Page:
HOUSE OF TRAVELS: These are stories, in the line of my TERMINAL VIBRATO, and meditations on life’s various pastimes and concerns: about 15 of each. The stories are, by turns, funny and sad, and spring from subjects as various as snowflakes, day lilies, mosquitoes, war planning, and the melancholy of characters excluded from world fiction. The meditations range from the meaning of Kafka’s asceticism to the love between a mother and son to preparations for the appearance of Elijah. –SP
In THE THRIFT SHOP MURDERS, Selwyn McCandless, a successful stockbroker, attends an elegant dinner party hosted by millionaire Fairfield Dixon, who is murdered at the affair . Soon after the killing, Selwyn and the other party-goers receive a letter stating that clues leading to portions of Dixon’s vast fortune are hidden at local thrift shops. You’ll meet Selwyn’s son Marvin, a homeless law school dropout; Brad, a philosopher-builder; Mrs. Friddle, a kindly thrift shop manager; two Kafkaesque detectives, and others. You decide whodunit. –RM
In SYMPHONY, we hear the voices of: a pedestrian forcing drivers to stop at crosswalks… a man obsessed with greeting strangers…another manically driven to relaxing…a man obsessed with sex, or the lack thereof…a woman who leaves her entire life history on an answering machine, message by message…a hiker who hitches to talk and is picked up by a trucker who talks only in CB slang…a woman tormented by responses to her physical beauty…a man dancing to tango music, alone, at night…another who writes fortune-cookie prophecies, but uses them to get back at the world…and many more—poignant, thoughtful, or riotously funny. –RM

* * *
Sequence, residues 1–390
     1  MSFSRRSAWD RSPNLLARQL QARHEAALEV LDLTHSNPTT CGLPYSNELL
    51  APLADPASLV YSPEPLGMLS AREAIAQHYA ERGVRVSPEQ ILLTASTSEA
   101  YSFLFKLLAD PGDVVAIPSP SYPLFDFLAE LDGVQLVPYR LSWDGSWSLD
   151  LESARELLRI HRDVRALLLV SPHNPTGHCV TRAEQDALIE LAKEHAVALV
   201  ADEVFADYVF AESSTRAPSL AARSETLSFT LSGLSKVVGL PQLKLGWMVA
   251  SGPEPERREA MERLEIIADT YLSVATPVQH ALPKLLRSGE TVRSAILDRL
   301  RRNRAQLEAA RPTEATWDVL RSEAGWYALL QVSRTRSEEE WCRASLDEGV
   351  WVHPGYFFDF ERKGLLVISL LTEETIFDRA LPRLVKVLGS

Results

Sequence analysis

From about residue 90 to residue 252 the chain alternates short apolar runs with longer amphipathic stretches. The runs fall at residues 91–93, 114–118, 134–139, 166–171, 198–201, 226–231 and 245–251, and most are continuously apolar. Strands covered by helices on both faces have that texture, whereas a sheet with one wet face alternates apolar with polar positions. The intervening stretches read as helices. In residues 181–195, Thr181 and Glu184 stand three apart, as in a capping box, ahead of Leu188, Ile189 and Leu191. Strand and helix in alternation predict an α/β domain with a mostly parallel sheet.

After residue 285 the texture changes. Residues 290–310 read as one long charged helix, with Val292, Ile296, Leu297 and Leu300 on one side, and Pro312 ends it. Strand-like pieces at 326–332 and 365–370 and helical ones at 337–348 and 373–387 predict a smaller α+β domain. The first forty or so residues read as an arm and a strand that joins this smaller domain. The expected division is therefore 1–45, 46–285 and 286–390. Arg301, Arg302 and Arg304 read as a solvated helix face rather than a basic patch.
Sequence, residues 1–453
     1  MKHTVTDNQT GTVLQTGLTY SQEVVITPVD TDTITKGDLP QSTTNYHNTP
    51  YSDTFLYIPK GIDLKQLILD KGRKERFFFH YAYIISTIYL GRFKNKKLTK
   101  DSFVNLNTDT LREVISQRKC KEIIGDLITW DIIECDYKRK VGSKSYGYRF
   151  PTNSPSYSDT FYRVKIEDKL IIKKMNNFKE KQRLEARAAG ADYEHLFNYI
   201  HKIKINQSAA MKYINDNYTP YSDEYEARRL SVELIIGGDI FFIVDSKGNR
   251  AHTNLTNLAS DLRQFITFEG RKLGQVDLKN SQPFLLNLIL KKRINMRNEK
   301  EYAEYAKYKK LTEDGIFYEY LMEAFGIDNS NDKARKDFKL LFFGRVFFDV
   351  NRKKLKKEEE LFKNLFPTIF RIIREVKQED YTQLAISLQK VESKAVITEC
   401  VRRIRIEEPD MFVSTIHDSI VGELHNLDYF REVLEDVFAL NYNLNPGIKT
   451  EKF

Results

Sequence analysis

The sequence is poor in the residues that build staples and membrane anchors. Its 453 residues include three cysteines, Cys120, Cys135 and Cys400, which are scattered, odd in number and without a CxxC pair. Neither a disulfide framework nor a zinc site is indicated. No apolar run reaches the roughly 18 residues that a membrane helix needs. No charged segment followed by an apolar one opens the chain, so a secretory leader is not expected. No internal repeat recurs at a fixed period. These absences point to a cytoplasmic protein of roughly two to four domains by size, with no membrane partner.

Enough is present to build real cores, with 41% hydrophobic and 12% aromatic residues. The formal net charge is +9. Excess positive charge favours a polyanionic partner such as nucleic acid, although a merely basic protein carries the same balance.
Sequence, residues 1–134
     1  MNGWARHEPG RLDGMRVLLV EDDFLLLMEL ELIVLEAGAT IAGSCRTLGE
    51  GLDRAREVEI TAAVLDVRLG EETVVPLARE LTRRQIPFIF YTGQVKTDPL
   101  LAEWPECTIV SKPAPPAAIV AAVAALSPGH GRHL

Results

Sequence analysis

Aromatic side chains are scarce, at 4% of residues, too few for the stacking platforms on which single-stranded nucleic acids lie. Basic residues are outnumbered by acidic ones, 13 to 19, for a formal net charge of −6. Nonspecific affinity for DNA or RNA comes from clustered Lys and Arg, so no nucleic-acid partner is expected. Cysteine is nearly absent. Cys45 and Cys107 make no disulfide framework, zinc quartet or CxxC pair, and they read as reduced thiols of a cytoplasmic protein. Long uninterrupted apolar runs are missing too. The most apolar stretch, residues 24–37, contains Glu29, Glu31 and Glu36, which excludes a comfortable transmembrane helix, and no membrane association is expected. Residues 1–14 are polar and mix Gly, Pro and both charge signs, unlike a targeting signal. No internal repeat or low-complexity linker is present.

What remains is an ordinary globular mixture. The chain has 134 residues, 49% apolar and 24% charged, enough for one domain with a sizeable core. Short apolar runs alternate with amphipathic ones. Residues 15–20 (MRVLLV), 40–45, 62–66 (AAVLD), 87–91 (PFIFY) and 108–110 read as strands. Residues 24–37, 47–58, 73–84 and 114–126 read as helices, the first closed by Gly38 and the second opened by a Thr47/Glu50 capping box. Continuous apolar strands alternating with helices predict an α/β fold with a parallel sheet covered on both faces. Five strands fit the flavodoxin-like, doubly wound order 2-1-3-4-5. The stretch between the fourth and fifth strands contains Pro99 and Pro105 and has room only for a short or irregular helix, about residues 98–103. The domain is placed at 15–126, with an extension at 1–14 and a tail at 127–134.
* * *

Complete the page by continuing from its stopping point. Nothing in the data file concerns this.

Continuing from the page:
Let’s get serious now. This is NON-FICTION, a priceless tool for improving your writing. Throw away Stunk and White (it’s way out of date), and pick up Pritchard’s William Strunk, Jr., THE ELEMENTS OF STYLE: UPDATED AND ANNOTATED FOR PRESENT-DAY USE. This is “an augmentation and explication of William Strunk, Jr.’s classic text, with a new Foreword, and new sections on spelling and proper usage. It was published in 2011.” I use it and recommend it. –RM
Pritchard earned a B.A. in philosophy from Haverford College, and studied at the University of Chicago on a Rockefeller Fellowship. He has worked as a freelance writer in Chicago, then worked or wrote for The New York Review of Books, Cavalier, and The New York Free Press. He taught at the Breadloaf Young Writers Conference, and his work (which has been nominated for a Pushcart Prize, and received an Honorable Mention from the Vermont Council on the Arts) has appeared in the Kenyon, New England, and Wisconsin Reviews, The International Philosophical Quarterly, Psychoanalysis and Psychotherapy, Tango News, and elsewhere.
In addition to his five novels, a novella, and two collections of short stories, he has published two collections of poetry; as a playwright he has had nine productions of his plays in New York City.
(more at www.stanfordpritchard.com).